Cybercriminals often leverage weak passwords to penetrate corporate networks, steal data and cause disruption. According to Verizon's report, up to 81% of data breaches occur due to weak or compromised passwords - making strong passwords an essential tool in strengthening your organization's first line of defence against these potential breaches.
Strong password policies are essential for business security
Without proper enforcement, having a password policy in place within an organization is not enough to ensure security. A 2021 report stated that 31% of employees use their children’s names or birthdays as passwords. The same report revealed that 34% of employees used their spouses' names or birthdays, 37% used the company’s name, and 44% reused passwords from work-related and personal accounts. As remote work culture expands, the prevalence of password exploitation has also risen. With hackers rapidly collecting personal data from social media platforms, it's now easier than ever to dissect and exploit user passwords.
Many organizations urge the workforce to follow password management best practices like changing passwords every few days. But is that enough? Often, such directives prove counterproductive. At a workplace, people use one or more accounts or logins. Following the best password practices, in this case, can be challenging. For convenience, employees use common, repetitive words. While it helps employees remember passwords, this also opens the floodgates for cybercriminals. Several studies reveal that passwords with medium strength are highly likely to get hacked.
Organizations regularly recommend employees to switch their passwords frequently. Too often, these directives can be inefficient. Sticking to optimal password practices isn't straightforward when you have multiple accounts or logins to remember at the workplace. It's common for staff to reuse passwords or use common, repetitive words due to the ease of remembering them. Research has found that even moderately strong passwords are highly likely to be cracked by hackers - emphasizing how vital it is for us all to take appropriate measures to protect our information and data from malicious intent.
The problem with current password security measures is that cybercriminals can easily exploit the gaps. For instance, the ideal password length should be 8-10 characters. It must include special characters, lowercase and uppercase letters, and numbers. By this definition, something like Welcome1! is a password that will pass the policy requirements. Further, asking employees to change passwords often does not help. Once people exhaust their favourite list of phrases or words, they reuse passwords by changing just one or more characters. So, Welcome1! often becomes Welcome1@.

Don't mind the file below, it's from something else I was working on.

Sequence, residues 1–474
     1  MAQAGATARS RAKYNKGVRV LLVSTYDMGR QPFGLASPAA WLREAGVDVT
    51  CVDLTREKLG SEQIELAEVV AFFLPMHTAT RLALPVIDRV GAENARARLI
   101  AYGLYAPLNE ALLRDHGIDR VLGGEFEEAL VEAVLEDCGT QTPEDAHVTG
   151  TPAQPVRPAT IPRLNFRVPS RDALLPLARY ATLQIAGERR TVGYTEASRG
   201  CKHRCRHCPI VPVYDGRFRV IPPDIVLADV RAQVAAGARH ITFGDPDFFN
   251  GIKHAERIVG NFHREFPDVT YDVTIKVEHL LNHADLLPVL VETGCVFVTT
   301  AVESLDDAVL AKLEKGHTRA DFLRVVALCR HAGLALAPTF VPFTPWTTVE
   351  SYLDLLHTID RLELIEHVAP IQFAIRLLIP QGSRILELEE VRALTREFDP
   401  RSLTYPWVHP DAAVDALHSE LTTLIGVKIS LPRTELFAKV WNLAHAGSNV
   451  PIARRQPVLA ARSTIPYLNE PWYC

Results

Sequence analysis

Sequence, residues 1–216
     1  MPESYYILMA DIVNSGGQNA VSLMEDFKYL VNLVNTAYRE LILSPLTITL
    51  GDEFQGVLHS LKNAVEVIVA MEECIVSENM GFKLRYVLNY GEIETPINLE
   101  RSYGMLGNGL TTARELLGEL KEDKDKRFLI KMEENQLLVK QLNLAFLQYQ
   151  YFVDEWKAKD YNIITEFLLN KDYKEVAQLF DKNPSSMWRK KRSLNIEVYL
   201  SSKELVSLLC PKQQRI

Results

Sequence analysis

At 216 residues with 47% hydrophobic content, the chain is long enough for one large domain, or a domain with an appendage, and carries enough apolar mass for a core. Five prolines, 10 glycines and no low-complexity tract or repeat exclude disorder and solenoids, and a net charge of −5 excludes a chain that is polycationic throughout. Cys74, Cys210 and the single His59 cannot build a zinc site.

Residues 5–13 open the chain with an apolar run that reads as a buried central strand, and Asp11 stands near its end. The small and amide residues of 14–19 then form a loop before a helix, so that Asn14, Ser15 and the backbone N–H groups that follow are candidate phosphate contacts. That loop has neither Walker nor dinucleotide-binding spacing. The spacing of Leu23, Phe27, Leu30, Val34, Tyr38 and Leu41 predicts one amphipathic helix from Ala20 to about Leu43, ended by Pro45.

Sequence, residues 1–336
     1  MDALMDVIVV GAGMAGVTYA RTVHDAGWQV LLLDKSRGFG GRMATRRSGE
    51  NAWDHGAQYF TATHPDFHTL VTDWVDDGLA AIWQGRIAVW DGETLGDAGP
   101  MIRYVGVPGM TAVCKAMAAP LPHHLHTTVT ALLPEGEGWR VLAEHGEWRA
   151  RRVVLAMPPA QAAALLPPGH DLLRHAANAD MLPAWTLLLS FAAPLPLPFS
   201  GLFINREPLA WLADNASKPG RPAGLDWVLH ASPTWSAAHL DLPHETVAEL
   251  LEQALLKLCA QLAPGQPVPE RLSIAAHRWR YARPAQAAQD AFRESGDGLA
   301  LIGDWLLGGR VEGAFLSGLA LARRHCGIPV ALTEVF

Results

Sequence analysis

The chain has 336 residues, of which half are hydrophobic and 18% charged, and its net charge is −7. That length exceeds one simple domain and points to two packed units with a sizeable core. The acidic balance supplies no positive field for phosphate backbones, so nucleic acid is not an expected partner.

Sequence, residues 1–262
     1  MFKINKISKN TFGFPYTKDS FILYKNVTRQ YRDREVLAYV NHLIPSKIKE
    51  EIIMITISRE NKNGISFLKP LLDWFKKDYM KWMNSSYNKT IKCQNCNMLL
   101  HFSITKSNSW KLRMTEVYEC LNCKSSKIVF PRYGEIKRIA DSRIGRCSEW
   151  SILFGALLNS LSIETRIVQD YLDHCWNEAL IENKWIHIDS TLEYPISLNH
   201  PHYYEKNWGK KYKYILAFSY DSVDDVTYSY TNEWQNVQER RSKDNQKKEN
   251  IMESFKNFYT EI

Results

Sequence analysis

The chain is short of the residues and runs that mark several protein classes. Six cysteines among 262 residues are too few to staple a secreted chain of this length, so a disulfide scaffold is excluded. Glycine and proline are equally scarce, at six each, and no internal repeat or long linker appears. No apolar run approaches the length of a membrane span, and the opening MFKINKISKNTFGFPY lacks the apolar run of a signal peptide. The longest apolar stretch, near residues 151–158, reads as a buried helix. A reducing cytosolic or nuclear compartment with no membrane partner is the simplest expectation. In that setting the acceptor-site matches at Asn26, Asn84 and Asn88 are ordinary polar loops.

Why are unique and lengthy passwords necessary?
Hackers are getting smarter and more efficient every day. Research shows that hackers take less than 30 minutes to hack a 10-character password. If complex passwords exceed 11 characters, the timeframe may go up to three days.
Security experts insist that length and complexity are the golden rules for setting strong passwords.
The benefit of longer and more complex passwords
A mathematical formula known as entropy can be used to measure randomness and determine the security of any given password. The higher your password ranks on the entropy scale, the more difficult it becomes to penetrate. Entropy also affects the difficulty of guessing or brute-forcing a password. Longer passwords take more time to crack and can comprise various characters, numbers, upper/lowercase letters, and symbols.
These days, password-hacking programs can guess 350 billion password combinations per second. Security experts now suggest using passwords of 13-20 characters with considerable complexity.
Research shows that password-hacking programs struggle to crack even a 12-character-long password. But the catch is that while length plays an important role, more is needed. Hackers can break a long yet straightforward password as easily as a short one. However, when the length gets supplemented by complexity, even the most seasoned hacker or modern programs would struggle to break passwords.
How to strengthen your passwords
While a lengthy password comprising basic special and alphanumeric characters may appear strong, hackers can still easily crack it. Introducing complex characters and random phrases can make your passwords less likely to be cracked. As mentioned before, most employees use spouses, children, or pets’ names or birthday dates in the passwords. With the amount of personal information on social media, guessing passwords is easier than ever.
Businesses should encourage employees to avoid using personal information as passwords and use password managers to create and store randomized passwords.
See our guide to password security
In today’s data-driven world, password management is critical. Weak passwords can cause reputational, legal, and financial damage to organizations. While companies need to educate their employees on creating stronger passwords, stricter password policies can help bridge that gap.
Some best practices that organizations can follow to protect data are:
Using password managers
Preventing the reuse of passwords
At Packetlabs, we offer organizations company-wide password audit services, including overall risk assessment, review of top-used passwords, most-used base words, password length, character sets, breached database passwords, and more. Connect with us today to learn more about our password audit services and explore how we can help create a robust security infrastructure for your organization.
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